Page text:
Capitalism: A Love Story, written and directed by Michael Moore (2009): Didactic, skewed to the left, factually dubious at points, and absolutely essential: these are the qualities of Michael Moore’s documentary movies and television programs since he first exploded into America’s consciousness in 1989 with Roger & Me like a working-class, ballcap-wearing Kool-Aid Man. Capitalism: A Love Story offers something more than a depressing look at the impact of decades of business-first policies on ordinary Americans, though, as it also longs for some sort of rebirth of American social consciousness.
At points we might as well be watching a horror movie. Or we are watching a horror movie. By the time you watch a family who’s been forced out of their home by endlessly escalating mortgage payments rehired by the bank that kicked them out to clean out their old house, you may feel a bit sick. Or maybe not. It’s an awful narrative.
So is watching the various Goldman Sachs employees who helped create the financial “crisis” get jobs with the U.S. government to help fix it. Blaugh.
Or discovering the long list of American companies and banks that take out life-insurance policies on their own employees, secretly, so as to benefit if the employee dies. As one insurance investigator points out, it’s illegal to take out fire insurance on someone else’s property because of the obvious benefits attached to then burning down that person’s home. But no such illegality attaches in the U.S. to insuring one’s employees without their knowledge. Un-fucking-believeable.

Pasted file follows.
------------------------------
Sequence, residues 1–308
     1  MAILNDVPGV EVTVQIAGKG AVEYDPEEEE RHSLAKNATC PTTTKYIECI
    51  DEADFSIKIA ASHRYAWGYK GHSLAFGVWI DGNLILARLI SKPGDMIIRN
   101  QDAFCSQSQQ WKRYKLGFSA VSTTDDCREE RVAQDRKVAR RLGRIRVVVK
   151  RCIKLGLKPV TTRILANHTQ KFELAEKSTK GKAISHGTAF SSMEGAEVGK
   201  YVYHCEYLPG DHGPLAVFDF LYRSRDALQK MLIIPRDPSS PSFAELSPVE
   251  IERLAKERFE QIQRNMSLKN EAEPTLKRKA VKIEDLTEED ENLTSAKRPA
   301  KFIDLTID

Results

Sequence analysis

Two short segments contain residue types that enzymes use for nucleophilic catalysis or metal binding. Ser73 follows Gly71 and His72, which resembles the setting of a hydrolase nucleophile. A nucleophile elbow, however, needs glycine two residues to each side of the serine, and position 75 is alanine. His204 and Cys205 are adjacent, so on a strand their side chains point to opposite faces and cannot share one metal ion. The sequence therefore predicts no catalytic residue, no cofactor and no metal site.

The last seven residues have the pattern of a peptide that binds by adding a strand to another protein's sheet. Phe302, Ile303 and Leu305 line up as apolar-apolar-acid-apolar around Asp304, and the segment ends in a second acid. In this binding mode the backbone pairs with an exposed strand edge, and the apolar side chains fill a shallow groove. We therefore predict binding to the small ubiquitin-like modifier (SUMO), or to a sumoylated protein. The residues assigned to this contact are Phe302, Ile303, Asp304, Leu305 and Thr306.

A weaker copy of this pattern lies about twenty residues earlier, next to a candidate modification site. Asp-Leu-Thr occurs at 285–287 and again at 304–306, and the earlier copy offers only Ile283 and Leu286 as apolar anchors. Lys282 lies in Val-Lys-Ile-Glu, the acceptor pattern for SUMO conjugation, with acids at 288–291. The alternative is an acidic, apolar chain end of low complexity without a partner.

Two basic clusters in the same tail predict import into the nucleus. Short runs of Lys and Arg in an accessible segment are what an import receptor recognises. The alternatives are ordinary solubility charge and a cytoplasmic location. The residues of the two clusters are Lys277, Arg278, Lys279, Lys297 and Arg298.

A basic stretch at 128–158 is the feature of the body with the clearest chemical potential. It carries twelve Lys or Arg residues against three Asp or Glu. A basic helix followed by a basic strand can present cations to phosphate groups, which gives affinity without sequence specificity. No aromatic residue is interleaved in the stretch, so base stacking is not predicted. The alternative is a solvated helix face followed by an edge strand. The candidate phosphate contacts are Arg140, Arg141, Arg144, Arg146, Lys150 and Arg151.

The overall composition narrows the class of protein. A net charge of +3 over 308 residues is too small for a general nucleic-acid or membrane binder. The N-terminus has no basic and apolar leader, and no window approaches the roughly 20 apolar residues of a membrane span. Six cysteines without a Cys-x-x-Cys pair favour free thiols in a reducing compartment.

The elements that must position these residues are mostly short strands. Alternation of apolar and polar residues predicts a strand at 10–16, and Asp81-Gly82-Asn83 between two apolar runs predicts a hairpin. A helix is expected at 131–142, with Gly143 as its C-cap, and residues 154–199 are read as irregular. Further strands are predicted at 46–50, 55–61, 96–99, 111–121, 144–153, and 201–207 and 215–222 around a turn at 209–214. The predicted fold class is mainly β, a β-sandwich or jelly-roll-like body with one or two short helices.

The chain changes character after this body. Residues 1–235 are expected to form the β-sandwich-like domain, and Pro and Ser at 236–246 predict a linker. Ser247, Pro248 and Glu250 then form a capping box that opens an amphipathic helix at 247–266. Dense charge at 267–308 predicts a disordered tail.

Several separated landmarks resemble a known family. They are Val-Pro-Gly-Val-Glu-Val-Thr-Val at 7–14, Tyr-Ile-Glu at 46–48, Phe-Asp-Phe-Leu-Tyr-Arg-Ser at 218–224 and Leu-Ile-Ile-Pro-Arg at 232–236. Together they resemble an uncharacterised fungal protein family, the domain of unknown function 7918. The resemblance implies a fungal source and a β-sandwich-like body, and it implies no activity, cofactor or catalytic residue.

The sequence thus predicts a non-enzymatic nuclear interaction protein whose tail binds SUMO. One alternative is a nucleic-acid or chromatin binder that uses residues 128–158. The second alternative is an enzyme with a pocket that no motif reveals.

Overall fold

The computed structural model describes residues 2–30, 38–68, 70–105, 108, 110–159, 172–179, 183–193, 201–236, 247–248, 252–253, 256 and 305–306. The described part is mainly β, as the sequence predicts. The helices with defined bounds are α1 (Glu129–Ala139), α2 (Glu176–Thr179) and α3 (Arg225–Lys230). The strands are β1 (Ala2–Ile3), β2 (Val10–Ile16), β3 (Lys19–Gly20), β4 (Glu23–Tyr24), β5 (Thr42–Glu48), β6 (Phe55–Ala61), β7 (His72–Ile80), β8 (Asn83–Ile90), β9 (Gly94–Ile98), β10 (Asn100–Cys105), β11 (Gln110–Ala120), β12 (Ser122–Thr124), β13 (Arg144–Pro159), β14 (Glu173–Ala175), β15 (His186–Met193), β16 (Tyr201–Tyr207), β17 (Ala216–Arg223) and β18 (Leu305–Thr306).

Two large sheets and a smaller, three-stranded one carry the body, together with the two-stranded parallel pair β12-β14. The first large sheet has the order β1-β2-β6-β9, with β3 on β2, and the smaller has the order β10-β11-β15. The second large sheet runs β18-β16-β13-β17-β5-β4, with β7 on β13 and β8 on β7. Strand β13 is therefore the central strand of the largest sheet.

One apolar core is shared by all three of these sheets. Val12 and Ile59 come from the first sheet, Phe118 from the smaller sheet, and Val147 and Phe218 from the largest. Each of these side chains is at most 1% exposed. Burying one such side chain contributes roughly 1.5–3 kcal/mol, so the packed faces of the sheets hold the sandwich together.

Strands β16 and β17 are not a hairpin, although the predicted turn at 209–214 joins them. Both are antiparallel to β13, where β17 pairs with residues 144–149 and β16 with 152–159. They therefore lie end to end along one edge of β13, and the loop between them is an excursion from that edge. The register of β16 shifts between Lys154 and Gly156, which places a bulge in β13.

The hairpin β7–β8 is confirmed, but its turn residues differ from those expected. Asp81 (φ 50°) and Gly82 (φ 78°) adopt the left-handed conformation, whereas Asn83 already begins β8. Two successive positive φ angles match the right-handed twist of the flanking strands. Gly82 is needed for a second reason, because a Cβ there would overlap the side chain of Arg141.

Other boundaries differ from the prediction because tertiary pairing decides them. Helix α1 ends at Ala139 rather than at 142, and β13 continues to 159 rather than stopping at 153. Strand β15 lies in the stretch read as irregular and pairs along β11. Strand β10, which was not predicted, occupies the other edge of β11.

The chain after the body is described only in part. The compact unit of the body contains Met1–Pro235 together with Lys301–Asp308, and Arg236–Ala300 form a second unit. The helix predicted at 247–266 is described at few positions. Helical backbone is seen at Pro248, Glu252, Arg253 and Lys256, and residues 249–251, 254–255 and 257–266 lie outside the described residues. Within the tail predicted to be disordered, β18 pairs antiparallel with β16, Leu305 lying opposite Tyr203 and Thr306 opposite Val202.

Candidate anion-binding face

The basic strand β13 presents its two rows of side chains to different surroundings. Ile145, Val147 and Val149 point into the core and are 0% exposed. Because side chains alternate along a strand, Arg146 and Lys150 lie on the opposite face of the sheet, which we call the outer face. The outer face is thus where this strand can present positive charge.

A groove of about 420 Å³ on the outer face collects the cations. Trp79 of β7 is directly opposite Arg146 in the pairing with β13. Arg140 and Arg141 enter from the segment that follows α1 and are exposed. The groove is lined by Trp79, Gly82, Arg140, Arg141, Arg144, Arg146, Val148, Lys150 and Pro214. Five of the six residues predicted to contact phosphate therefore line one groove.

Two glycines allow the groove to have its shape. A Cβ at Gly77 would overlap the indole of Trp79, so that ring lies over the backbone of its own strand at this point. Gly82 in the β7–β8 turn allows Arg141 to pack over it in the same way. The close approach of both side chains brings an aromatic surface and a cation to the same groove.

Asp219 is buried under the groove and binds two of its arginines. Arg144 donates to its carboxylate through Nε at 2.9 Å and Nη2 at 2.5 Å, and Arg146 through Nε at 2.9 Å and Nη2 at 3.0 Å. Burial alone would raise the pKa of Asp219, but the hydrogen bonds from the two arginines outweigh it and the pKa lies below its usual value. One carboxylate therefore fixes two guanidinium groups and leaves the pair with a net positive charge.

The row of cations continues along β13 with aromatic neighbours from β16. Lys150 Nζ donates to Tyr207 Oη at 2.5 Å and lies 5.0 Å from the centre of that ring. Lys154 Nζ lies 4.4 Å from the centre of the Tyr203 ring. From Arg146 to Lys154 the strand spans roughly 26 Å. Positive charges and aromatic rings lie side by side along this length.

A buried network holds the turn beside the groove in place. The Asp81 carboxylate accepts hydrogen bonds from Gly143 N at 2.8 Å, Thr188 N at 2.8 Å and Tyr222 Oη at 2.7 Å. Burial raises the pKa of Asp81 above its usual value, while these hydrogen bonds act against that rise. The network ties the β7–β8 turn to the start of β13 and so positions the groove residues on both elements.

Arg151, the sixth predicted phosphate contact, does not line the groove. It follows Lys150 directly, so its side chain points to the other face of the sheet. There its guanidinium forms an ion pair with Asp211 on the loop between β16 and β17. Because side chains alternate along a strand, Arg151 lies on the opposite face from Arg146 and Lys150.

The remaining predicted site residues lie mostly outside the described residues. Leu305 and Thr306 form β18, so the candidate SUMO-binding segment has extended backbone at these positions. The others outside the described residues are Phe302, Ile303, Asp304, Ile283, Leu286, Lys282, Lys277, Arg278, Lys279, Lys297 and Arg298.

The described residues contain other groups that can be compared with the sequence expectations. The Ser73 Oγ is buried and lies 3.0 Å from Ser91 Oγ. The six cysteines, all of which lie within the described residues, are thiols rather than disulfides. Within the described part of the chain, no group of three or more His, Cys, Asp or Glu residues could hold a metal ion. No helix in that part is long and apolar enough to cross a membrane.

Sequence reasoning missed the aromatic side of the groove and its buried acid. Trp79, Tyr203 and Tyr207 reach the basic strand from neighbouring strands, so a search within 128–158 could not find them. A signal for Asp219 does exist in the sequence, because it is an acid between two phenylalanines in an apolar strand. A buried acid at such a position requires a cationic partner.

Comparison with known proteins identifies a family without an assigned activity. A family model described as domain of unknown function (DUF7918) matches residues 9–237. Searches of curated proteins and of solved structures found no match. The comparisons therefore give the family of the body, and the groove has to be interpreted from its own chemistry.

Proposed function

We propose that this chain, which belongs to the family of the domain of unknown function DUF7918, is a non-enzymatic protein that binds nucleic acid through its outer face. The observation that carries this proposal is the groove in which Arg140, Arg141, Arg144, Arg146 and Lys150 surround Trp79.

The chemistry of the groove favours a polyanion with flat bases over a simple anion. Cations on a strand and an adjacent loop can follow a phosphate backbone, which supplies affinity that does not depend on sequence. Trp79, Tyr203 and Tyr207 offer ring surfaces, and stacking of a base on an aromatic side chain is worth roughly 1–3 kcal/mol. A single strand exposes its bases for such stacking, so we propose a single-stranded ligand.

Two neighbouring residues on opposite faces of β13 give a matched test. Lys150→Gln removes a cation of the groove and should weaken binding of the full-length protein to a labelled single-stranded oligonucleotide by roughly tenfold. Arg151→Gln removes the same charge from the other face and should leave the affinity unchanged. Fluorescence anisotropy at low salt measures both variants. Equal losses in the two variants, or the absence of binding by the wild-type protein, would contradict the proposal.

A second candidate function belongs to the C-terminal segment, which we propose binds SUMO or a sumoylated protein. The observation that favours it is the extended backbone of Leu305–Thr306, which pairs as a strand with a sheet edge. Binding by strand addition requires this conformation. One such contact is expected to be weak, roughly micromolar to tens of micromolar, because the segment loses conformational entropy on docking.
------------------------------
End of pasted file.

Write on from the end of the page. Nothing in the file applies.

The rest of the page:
Tim Robbins’s striking, albeit one-note, 1990 political satire Bob Roberts had the eponymous neo-con sing a song called “Times are Changin’ Back.” Yes, yes they are. Or are they? The deep-seated nostalgia among a large swath of the American and Canadian population for a Golden Age that never really existed is strikingly sinister, as is the targeting of those least responsible for our current economic woes for the lion’s share of the blame.
Meanwhile, Wall Street continues its esoteric economic fiddling while America burns. A small group of shareholders matters more than a large group of workers: it’s simple numbers, big numbers. Capitalism, as Kurt Vonnegut once noted, is simply what all the rich people, drunk or sober, are doing today. And one of the smart things Capitalism: A Love Story does is show how utterly disconnected the people at the top are from the consequences of their actions. Failure, whether you’re a Goldman Sachs trader or the Treasury Secretary, has no downside: you’ll still be an expert, you’ll still get your bonus, you’ll still be able to book speaking tours and gigs on TV.
But God help you if you screw up at your minimum-wage job.
The ostensive efficient Social Darwinism of capitalism only functions at the bottom: there is no real selection at the top. And Social Darwinism was always a crock. Actual Darwinism places life forms within the context of an entire ecosystem which can be destroyed if something goes wrong with even one of its constituent parts. The ecosystem is the economy; Wall Street and its siblings have become the mutated algae that kills everything in the pond. But at least the algae lacks agency, and it doesn’t blame the carp. Highly recommended.